Reigning US Open champ Bryson DeChambeau believes far too much brain training resulting in ‘crazy overworking” was behind his health problems during last November’s Masters meltdown.
DeChambeau, 27, had the Augusta National green jacket members on tender hooks ahead of last November’s rescheduled Masters with fears golf’s ‘Hulk Hogan’ would run amuck among Georgia’s ‘Cathedral in the Pines’ following his crushing triumph at Winged Foot. However, DeChambeau was an Augusta afterthought ending well down in a share of 34th place.
The current World No.6 had complained of feeling unwell and dizzy during Friday’s shock score of 74 and was so worried he went for a Covid-19 test that proved negative: “I have no idea what’s wrong. Just dizziness. It’s only when I go from down to up, so I can’t even think and talk right now,” he said at the time.
And now speaking on Friday ahead of his appearance in the Saudi International from February 4th-7th, DeChambeau said: “I went to multiple doctors trying to figure out what this was. I got a couple of MRIs, went to an inner-ear doctor, had eye tests, ear tests, even did ultrasounds on my heart and my neck to see blood flow and everything came back really, really well.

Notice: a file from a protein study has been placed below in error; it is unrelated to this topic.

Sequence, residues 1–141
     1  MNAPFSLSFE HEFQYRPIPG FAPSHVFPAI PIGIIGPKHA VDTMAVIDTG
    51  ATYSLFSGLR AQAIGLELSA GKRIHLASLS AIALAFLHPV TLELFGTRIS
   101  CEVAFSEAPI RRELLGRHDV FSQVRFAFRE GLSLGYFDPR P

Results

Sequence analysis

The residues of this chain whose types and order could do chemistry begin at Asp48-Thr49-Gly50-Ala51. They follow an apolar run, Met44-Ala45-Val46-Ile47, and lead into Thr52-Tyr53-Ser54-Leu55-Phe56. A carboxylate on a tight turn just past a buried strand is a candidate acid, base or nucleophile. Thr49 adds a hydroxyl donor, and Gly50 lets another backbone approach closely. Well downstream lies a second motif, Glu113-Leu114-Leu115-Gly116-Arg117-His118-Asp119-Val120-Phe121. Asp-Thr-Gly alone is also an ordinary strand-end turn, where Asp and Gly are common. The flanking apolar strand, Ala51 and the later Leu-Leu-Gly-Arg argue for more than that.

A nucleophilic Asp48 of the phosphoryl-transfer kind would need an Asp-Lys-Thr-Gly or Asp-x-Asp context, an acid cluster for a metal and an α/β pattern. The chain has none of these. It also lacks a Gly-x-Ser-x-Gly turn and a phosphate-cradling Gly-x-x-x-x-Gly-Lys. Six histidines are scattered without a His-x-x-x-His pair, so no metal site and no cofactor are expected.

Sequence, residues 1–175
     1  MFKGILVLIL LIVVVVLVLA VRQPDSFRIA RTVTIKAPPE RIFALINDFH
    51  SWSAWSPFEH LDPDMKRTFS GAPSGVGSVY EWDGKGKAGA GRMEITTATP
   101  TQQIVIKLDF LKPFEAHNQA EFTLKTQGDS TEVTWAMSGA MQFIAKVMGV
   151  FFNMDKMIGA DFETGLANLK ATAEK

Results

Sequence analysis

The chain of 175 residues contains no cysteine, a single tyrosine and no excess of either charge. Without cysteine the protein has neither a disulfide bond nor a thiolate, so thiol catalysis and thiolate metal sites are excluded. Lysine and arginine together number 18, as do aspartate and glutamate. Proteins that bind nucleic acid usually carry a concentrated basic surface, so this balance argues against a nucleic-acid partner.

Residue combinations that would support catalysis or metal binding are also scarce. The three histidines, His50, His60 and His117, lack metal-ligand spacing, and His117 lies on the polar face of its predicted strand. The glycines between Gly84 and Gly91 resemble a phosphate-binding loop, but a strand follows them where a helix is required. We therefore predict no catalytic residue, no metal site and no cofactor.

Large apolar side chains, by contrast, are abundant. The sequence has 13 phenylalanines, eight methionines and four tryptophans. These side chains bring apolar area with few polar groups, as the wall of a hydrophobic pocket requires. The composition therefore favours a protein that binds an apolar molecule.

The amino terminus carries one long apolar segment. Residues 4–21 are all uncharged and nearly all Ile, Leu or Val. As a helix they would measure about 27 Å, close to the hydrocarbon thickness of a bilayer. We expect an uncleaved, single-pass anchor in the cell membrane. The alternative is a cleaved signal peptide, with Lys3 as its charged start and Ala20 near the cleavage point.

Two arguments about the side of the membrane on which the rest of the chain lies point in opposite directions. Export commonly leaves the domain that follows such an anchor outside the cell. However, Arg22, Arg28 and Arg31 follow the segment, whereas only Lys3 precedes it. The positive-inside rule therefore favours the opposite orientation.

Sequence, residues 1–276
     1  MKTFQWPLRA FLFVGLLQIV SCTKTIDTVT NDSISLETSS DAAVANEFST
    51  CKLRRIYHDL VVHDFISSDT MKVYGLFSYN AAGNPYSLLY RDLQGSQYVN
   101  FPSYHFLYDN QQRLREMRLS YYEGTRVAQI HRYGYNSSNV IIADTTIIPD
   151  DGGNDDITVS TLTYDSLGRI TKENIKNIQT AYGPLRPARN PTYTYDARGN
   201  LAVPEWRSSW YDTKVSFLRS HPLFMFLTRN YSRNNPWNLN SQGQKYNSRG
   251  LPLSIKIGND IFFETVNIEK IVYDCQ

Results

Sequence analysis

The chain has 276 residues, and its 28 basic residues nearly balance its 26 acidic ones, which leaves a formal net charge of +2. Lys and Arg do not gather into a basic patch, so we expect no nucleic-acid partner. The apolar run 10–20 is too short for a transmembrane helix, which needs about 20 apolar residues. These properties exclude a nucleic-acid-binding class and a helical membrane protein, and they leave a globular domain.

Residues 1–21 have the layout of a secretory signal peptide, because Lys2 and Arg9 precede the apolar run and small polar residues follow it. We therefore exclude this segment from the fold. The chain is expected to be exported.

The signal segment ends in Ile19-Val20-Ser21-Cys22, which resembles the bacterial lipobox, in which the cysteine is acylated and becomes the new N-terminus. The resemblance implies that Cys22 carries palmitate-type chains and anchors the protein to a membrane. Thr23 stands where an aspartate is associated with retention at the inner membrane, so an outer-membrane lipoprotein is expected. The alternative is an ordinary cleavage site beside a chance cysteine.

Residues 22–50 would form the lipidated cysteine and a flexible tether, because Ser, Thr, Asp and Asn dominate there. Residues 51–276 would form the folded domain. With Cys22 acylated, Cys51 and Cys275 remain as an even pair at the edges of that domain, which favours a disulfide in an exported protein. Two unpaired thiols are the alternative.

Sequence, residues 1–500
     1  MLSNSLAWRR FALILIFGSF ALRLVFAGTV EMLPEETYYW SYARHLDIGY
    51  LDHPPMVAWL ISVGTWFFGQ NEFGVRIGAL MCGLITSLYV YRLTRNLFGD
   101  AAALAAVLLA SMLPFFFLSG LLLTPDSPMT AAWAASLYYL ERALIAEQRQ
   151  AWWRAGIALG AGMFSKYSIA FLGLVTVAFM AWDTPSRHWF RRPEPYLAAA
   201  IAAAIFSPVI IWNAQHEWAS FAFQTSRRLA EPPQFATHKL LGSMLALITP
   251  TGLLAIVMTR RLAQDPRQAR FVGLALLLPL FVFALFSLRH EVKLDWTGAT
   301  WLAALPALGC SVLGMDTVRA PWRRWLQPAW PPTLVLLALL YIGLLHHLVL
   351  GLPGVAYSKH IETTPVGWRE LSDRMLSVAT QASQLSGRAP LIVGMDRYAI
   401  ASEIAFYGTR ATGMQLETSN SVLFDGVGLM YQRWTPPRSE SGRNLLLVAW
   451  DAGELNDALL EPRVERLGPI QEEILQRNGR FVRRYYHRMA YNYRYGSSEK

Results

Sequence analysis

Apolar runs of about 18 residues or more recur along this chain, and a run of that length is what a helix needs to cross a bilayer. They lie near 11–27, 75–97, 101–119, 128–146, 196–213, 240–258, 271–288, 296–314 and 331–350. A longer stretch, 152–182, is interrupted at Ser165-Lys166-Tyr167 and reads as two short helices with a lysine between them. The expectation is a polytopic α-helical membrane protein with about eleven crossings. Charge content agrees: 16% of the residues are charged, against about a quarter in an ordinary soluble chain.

“The one thing I will tell you is that I’ve done a lot of brain training and the frontal lobe of my brain was working really, really hard and that’s what kind of gave me some weird symptoms; like crazy overworking.
“So, as I started to relax my brain a little bit and get into a more comfortable situation and got into a really good sleep routine, a lot of the symptoms went away. They come back once in a while, but as I do a lot of breathing it goes away and that’s what I’m focused on trying to do.”
DeChambeau’s decision to “bulk up” to gain extra distance continues to make headlines and he reached an incredible ball speed of 211-mph on the range during the recent Sentry Tournament of Champions in Hawaii. But he insists his main motivation is to overhaul Masters champion Dustin Johnson and become world number one.
“Absolutely, that’s always been my goal,” he said. “I’ve always tried to find a distinct advantage in my life to be a better golfer. With the one-length irons, hitting it further, all these different thoughts, I’m always trying to be the best version of myself and be the best player in the world.”
DeChambeau refused to be drawn on the PGA of America’s decision to strip Trump Bedminster of the 2022 US PGA Championship after supporters of the US President staged a riot at the US Capitol last week.
“It’s unfortunate. It is what it is and I understand it. At the end of the day, whatever their moves are, they are,” said DeChambeau, who helped cut the ribbon at the opening of a new clubhouse at Trump Golf Links at Ferry Point in New York in 2018: “I’m just going to play on a golf course and try to do my best to win a golf tournament, no matter where it is.”